design learning

A Simple Guide to Design Learning

Design learning is more than a passing trend in education. Discover what it is and how to effectively integrate it into your classroom.

Doris Wells-Papanek of www.designlearning.us published an article in “Innovation Journal” in which she said “Design is to doing as learning is to thinking.” Learning, Wells-Papnek explains, prepares students to think, and design enables them to do. The goal of design learning is to help students become great problem solvers as they progress through the steps of the design learning framework, challenged to be creative but mindful of the task put before them.

Explore

design learningEverybody likes to have fun, yet fun is often missing from our schools. The first step in design learning is to begin with a fun exercise that makes the student curious about the subject. Think of a game of Jeopardy with students in teams attempting to answer questions associated with a chemical reaction, including identifying chemical symbols, lab safety skills, and math skills required to do the experiment. The teacher can use the students’ performance in the game to assess what they know, and give them a “final Jeopardy” question or two to ponder. Students explore a problem, learn the basics associated with it, and also connect it to things they have learned or experienced before.

Describe

In this next step of design learning, students take the problem presented to them and begin considering questions that will lead them to developing a solution. After studying and discussing the problem, the students are guided to choose a way to design an answer, either through math or technology or a combination of methods. Back to that chemistry problem … students may consider its effect on the air quality or another related area they are interested in, find everyday products they can reuse for testing and design, get more information from research or talking to an expert in the field, and describe what they have learned so far.

Explain

design learningBrainstorming among the students takes place in this design learning step as they try to come up with several creative new design solutions for their problem. They can then set forth three or four definite ideas based on what they have learned. Their teacher can again test them on their progress and determine if they are applying the skills they have developed and the concepts they are learning. Any errors in judgment or thought, lack of knowledge, or mistaken beliefs can be identified. At this point, students can proceed with a plan of action, detailing what they can use, how to achieve the solution, and what they expect the outcome to be.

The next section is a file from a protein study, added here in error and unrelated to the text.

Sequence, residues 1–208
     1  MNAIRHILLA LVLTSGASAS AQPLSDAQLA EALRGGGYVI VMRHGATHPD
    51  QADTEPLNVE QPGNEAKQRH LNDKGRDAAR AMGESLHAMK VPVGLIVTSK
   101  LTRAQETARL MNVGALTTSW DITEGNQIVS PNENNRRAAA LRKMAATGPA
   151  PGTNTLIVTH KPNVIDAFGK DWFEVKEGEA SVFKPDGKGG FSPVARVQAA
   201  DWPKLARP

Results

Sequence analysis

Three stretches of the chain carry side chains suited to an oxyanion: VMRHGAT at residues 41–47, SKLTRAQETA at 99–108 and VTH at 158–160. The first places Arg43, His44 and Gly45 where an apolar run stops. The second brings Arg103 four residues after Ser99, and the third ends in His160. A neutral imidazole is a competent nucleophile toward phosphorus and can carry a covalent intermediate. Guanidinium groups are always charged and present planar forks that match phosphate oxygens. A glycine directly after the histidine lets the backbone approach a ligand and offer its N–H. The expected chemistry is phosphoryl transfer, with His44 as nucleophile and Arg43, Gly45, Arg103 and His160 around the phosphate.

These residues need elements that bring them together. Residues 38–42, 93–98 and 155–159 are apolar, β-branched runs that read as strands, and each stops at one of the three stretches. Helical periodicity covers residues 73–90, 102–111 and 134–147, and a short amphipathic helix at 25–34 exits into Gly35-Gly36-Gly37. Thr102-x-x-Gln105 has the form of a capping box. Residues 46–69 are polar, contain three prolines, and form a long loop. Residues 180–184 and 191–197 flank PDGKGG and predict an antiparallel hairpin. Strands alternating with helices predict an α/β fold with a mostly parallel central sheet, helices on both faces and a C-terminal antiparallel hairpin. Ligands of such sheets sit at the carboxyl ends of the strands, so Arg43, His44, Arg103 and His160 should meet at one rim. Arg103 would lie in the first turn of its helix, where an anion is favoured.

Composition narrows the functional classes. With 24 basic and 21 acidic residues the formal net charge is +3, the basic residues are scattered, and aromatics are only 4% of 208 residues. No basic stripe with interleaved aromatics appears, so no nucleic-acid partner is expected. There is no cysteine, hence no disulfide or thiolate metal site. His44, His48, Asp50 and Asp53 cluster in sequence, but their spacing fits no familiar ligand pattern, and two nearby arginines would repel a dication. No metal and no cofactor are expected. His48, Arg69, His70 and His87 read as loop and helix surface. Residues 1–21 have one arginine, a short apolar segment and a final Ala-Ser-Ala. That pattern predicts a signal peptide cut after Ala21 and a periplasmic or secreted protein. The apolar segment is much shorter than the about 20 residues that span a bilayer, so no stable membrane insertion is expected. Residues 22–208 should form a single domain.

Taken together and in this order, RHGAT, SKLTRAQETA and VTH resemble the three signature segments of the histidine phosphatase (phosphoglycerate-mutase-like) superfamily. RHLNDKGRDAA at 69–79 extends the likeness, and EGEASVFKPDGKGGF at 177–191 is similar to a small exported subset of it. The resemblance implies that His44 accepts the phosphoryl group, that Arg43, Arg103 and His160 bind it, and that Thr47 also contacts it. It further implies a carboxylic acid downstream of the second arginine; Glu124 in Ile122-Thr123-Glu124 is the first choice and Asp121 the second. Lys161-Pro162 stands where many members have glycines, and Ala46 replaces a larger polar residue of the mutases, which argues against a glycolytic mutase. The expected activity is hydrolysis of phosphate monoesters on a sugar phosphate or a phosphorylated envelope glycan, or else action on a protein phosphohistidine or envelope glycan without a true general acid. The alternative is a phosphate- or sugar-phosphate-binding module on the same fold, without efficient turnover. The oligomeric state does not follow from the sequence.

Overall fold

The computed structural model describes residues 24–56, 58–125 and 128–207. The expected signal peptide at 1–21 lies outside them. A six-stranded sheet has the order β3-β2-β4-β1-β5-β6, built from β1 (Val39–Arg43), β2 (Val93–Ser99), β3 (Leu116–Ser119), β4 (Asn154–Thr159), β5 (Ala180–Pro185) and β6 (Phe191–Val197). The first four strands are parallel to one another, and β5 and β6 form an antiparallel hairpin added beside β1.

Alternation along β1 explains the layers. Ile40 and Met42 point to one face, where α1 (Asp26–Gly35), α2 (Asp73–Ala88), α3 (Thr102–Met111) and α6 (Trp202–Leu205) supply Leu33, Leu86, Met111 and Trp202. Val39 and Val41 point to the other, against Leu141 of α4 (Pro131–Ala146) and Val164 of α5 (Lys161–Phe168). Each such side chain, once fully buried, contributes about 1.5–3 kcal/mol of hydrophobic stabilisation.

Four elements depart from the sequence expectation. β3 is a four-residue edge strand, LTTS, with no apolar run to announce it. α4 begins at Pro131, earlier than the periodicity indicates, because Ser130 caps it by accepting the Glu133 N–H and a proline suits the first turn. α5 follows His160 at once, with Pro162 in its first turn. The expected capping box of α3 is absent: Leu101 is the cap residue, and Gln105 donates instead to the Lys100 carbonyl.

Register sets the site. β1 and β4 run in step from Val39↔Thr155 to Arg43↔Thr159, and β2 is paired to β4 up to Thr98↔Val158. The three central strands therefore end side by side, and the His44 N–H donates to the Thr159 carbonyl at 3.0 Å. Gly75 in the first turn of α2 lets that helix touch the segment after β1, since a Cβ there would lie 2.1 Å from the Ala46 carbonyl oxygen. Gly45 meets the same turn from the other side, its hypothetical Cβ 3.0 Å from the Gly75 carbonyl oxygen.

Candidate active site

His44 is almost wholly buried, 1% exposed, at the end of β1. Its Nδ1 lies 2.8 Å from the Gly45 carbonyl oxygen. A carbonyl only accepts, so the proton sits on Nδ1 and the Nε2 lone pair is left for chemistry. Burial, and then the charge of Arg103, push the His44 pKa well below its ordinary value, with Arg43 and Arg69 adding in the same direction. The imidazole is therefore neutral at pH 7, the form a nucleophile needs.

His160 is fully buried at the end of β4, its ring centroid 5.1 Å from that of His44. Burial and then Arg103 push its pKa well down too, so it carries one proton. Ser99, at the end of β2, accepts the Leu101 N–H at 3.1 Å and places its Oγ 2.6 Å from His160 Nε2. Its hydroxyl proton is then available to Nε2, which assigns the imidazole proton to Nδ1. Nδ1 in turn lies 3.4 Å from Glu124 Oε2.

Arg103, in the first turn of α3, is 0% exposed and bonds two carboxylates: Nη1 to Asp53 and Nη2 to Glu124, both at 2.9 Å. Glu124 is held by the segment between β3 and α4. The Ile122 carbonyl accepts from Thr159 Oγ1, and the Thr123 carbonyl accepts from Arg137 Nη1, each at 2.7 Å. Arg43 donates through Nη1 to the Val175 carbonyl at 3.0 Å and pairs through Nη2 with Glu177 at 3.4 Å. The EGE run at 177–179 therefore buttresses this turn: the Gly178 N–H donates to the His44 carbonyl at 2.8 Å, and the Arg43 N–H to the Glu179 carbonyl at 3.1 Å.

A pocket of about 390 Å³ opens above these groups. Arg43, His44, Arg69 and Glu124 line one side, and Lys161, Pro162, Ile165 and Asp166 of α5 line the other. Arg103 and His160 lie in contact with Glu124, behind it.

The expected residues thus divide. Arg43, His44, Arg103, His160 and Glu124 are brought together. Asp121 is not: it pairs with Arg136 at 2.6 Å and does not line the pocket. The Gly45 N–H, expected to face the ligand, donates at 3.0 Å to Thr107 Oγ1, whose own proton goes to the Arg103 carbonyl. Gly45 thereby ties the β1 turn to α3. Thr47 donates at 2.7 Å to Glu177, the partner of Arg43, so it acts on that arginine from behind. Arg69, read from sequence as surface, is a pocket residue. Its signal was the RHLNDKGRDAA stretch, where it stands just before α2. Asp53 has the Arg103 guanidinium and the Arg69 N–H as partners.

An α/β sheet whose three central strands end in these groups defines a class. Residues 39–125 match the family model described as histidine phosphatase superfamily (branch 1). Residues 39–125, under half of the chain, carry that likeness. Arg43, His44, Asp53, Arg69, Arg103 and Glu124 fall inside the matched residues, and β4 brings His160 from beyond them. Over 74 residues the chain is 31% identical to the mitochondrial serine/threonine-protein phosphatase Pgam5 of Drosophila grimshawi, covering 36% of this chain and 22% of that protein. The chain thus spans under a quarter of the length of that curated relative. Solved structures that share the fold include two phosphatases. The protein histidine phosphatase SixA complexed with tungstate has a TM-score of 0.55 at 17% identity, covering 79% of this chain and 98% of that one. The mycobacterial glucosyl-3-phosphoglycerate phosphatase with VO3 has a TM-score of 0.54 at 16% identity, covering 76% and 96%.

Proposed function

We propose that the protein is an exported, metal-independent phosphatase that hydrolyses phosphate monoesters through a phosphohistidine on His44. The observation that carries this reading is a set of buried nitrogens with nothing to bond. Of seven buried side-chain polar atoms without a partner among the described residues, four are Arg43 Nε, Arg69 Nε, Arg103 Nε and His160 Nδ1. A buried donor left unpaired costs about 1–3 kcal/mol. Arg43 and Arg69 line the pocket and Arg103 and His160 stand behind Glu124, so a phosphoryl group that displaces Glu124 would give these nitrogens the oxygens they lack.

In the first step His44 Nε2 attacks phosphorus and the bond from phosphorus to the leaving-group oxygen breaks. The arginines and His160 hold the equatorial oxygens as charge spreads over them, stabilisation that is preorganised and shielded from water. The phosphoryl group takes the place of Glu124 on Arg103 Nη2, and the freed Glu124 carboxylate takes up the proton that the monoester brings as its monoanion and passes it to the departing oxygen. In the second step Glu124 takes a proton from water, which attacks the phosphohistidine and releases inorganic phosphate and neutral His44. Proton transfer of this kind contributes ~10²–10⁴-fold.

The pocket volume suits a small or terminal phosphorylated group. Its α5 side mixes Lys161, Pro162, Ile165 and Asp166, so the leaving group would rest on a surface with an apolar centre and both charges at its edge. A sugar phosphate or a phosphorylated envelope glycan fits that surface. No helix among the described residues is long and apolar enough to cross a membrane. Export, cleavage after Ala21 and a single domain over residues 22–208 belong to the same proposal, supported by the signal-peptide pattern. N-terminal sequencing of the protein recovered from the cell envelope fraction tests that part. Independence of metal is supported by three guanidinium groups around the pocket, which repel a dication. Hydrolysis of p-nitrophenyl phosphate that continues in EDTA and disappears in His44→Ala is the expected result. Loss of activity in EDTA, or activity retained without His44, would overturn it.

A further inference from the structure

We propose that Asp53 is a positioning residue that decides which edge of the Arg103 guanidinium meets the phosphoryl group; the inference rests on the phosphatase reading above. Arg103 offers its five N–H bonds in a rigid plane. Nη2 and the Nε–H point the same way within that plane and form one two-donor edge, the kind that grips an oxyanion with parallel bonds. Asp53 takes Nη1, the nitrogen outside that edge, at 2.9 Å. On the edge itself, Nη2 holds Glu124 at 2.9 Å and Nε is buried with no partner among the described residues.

Demonstrate

Nearing the completion of their task, students must demonstrate their new design and how it will solve the problem. From several ideas that they have formulated, students can make the necessary adjustments and apply their knowledge to narrow down their choice to the best design. In this design learning step, students can demonstrate their solution to the problem through a written account of their journey from beginning to end. Production of a video can also be added to share their learning experience.

Evaluate

Instructors can assist students in this last phase of the design learning framework in assessing their understanding of the final solution, comparing it to what they knew at the initial phase and how they have applied what was learned throughout the process. Students can discuss how their design might be used in other ways or in reaching an understanding of a different problem. A final grade is given following this evaluation.

Design learning starts students on the path to thinking and then doing — tackling a problem and finding the solution. It is a framework that can begin in school and prepare students for future career challenges.

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Sue Hamilton

Sue is a Pennsylvania native and graduate of Indiana University of Pennsylvania, where she earned a B.S. degree in English. She worked as a radio newscaster and newspaper reporter before becoming a paralegal in a small civil law firm. Reading is her passion and Sue is an avid volunteer with her community library.

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